- Put a “W” next to the ones you wear all the time (of course, the definition of “all the time” can be very relative…).
- Then go wherever your clothes live and write down everything you forgot to write down.
In today’s post, I share my experience of doing the exercise outlined above, as well as what I learned from taking on that challenge. I highly recommend that you read the entire article and try the exercise for yourself. In addition to the instructions above, the author also shares what sorting through your nail polish collection can tell you about your wardrobe, which could be especially useful for some of you.
As longtime readers of this blog know, I have been maintaining an outfit journal since summer 2014. In this journal, I write down what I wore, where I wore it, my feelings about the outfit, and what I could change in order to improve the look. I also rate all of my outfits on a scale of 1-10, and I’ve noticed that my percentage of “9” and “10” ensembles have steadily increased over the months that I’ve been keeping my journal. It only takes a few moments each day, but the benefits have been well worth the effort.
Keeping an outfit journal has helped me improve my style.
The notes about what I would improve upon in future outfit iterations have proved to be the most beneficial part of the process. Sometimes just switching out one piece can add a point or two to an outfit’s rating and have me feeling much more confident in what I’m wearing. These changes generally happen rather organically, as I tend to remember what went wrong in a look without having to go back and refer to my journal. The simple act of writing down my feelings has led me to make subtle shifts in how I dress that have added up to increased satisfaction over time.
In my last post, I began debriefing my “Love it, Wear It” Challenge (LIWI), which I took on throughout all of last year. Part one covered my clothes and today’s post will look at my shoes and accessories in terms of how the challenge impacted those categories of my wardrobe, as well as my style. I will also share an inventory of my shoes and accessories.
A Reminder of What LIWI Is…
But before I dive into part two of this debrief, here’s a quick reminder of what LIWI is about (read more here). The objectives for the “Love It, Wear It” challenge are to wear what we love and to have the right types of clothing, shoes, and accessories for our lives… the lives that we are actually living in the here and now – not imagined, wished for, or previous lifestyles.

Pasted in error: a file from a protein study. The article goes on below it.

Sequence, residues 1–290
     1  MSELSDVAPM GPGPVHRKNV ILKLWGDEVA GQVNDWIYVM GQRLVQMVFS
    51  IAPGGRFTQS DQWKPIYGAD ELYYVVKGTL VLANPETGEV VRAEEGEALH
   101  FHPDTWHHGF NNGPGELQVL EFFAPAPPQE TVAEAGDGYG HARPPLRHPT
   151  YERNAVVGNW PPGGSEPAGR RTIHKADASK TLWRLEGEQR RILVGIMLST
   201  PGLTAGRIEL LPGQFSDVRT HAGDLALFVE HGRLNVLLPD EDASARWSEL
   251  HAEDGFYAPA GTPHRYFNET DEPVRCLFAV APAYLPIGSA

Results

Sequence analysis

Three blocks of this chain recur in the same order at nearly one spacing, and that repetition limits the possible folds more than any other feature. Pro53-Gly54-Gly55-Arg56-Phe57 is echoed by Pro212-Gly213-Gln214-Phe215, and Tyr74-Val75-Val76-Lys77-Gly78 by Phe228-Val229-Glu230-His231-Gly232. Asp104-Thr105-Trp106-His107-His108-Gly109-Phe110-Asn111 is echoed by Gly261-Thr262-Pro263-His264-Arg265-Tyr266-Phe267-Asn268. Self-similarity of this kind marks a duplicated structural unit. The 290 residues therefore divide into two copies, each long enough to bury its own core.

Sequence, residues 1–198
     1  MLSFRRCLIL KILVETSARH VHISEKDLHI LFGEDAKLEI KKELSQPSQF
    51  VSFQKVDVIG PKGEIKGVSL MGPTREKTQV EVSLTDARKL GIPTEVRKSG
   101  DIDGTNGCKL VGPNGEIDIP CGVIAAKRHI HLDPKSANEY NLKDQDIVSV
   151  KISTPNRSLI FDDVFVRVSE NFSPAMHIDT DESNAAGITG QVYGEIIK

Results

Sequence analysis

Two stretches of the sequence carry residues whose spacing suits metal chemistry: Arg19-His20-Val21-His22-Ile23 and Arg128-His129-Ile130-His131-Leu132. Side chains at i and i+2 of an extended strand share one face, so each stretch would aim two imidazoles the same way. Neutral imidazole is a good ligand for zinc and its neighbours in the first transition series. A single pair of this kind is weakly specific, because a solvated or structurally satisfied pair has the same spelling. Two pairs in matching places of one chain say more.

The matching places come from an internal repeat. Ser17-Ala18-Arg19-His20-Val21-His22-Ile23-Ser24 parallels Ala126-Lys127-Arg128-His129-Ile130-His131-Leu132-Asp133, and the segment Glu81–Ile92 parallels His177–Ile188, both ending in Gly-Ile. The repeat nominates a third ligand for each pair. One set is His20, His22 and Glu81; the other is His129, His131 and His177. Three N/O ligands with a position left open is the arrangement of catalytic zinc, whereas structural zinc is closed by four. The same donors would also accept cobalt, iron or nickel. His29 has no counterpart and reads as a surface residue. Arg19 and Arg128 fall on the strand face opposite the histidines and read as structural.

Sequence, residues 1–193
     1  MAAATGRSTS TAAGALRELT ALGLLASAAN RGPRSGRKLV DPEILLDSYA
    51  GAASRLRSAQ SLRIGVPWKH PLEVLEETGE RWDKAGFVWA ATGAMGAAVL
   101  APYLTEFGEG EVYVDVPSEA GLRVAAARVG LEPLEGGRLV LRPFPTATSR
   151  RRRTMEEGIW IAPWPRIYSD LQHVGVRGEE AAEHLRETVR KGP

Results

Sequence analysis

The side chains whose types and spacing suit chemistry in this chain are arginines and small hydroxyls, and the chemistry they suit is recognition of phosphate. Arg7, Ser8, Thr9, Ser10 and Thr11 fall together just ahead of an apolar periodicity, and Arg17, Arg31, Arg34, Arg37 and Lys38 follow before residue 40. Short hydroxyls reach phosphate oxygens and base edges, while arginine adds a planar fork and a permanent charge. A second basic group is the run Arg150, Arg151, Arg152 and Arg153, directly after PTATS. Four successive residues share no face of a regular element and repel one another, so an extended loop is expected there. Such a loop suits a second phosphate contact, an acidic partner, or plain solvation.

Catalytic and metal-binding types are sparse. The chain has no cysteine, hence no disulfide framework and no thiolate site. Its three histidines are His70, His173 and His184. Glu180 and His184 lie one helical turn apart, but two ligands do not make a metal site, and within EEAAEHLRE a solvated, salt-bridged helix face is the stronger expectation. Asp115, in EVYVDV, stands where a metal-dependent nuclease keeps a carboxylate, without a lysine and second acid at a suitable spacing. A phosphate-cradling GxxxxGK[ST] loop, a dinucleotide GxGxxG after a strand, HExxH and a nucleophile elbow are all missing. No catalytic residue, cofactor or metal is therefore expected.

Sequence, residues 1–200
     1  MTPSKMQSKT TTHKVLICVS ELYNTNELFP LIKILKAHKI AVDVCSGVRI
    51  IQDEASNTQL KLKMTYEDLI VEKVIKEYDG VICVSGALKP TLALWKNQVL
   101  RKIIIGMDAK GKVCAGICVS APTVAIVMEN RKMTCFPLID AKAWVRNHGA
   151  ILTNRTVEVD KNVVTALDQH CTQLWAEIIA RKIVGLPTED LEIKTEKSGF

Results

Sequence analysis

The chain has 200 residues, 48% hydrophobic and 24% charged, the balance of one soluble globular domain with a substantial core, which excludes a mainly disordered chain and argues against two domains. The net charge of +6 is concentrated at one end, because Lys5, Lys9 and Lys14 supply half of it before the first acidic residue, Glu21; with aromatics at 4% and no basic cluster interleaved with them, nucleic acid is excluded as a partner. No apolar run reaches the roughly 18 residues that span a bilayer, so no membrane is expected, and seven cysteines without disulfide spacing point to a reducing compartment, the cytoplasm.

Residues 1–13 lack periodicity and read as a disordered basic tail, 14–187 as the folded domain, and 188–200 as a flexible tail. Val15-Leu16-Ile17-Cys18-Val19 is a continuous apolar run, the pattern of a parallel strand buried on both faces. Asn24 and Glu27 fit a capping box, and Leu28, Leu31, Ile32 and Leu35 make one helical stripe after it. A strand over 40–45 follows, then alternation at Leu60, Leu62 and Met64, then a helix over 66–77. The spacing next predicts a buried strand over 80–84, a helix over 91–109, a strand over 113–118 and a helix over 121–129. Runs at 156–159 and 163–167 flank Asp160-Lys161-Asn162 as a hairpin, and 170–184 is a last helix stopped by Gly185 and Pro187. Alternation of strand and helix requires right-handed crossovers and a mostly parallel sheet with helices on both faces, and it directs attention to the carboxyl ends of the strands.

The objective of LIWI is to create a “working closet” by moving all worn items into a specific area of your closet space (or jewelry box). As much as possible (uniforms and dress codes aside…), you should only wear what you really want to wear. Anything that is uncomfortable, fussy, or no longer in line with your personal style should be passed on for donation or consignment.
I am continuing with my year-end wrap-up posts for 2015. Today is part one in a two-part series debriefing my “Love it, Wear It” Challenge (LIWI), which I took on throughout all of last year. Part one will cover my clothes and part two, which I will publish early next week, will look at my shoes and accessories. In addition to writing about how the challenge impacted my wardrobe and style, I will also share an inventory of my wardrobe in these two posts.
An Overview of LIWI
But before I dive into my debrief, here’s a quick reminder of what LIWI was about (read more here). The objectives for the “Love It, Wear It” challenge, which some readers also took on, are to wear what we love and to have the right types of clothing, shoes, and accessories for our lives… our real lives. By this, I mean the lives that we are actually living in the here and now – not imagined, wished for, or previous lifestyles.